Mr. Shum left China in 2015 when Xi Jinping, the country’s leader, asserted greater state control over the country and its businesses. But Duan, also known as Whitney, disappeared two years later. (It is believed that Communist Party officials stopped her after a senior political ally was held on suspicion of corruption.)

Mr Shum told the story of their rise and fall – and the murky reality of business in China – in his 2021 memoir. Many details cannot be independently verified but his role at the intersection of business and politics is certain. He now lives in the UK with the couple’s son (none of them have seen Duan since she disappeared) and says it is unsafe for him to travel to China.

Mr. Shum will testify next week in Congress on the challenges for American businesses operating in China, days after Treasury Secretary Janet Yellen sharply criticized Beijing’s treatment of American companies. DealBook spoke to him ahead of his appearance in Washington. This conversation has been condensed and edited for clarity.

What has changed since you published your book?

First, the perception of China has become more negative. Covid had a lot to do with it, especially in changing the views of the general public. That helped speed things up in terms of how policymakers deal with China – they now have a tide to ride.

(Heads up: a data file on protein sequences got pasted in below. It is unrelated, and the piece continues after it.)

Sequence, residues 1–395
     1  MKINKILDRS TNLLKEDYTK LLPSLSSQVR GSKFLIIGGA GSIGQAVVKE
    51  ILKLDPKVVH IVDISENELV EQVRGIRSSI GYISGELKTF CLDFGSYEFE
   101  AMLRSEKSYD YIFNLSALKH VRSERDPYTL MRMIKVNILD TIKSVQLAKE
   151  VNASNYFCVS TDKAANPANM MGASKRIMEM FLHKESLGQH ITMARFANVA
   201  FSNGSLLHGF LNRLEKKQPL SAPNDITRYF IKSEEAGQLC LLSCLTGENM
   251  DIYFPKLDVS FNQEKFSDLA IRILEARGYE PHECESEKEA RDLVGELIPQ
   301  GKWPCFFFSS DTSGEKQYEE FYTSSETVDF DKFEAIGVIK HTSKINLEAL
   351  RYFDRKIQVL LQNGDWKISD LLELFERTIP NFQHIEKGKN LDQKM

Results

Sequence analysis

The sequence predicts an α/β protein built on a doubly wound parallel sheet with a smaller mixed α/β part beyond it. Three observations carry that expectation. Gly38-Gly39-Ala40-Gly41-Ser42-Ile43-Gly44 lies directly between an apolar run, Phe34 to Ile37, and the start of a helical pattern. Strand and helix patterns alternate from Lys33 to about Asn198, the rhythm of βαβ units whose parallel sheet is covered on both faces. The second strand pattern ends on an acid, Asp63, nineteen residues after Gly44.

Second, the outside world is underestimating how badly the Chinese economy is deteriorating. Several things shocked me in conversations I had with businessmen in China. A large dairy company produces more milk powder because people buy less milk. Usually this is one of the last things you would cut out.

Many executives also say that staff have been openly looting and stealing from companies since the pandemic. Why? They have lost hope because the economic outlook is so bad.

How does this affect management and business?

It adds to the growing insecurity of the Chinese Communist Party, so the government is tightening control with measures it introduced during the pandemic. That affects business: Attacks on due diligence firms with Western ties and restrictions on access to windChinese data provider, is part of an effort to control foreigners.

How are international companies adapting?

Companies overwhelmingly reduce their exposure. People talk about “de-globalization”, but the correct term is “re-globalization minus China”. You won’t have one country replacing China, but operations spread to Vietnam, Indonesia, Sri Lanka, India and elsewhere. Look at how many Taiwanese manufacturers are moving into Mexico on a large scale. And then you have amikshoring and nearshoring in Europe.

Are the messages from the US – talking tough while also saying it wants to maintain dialogue – making things difficult?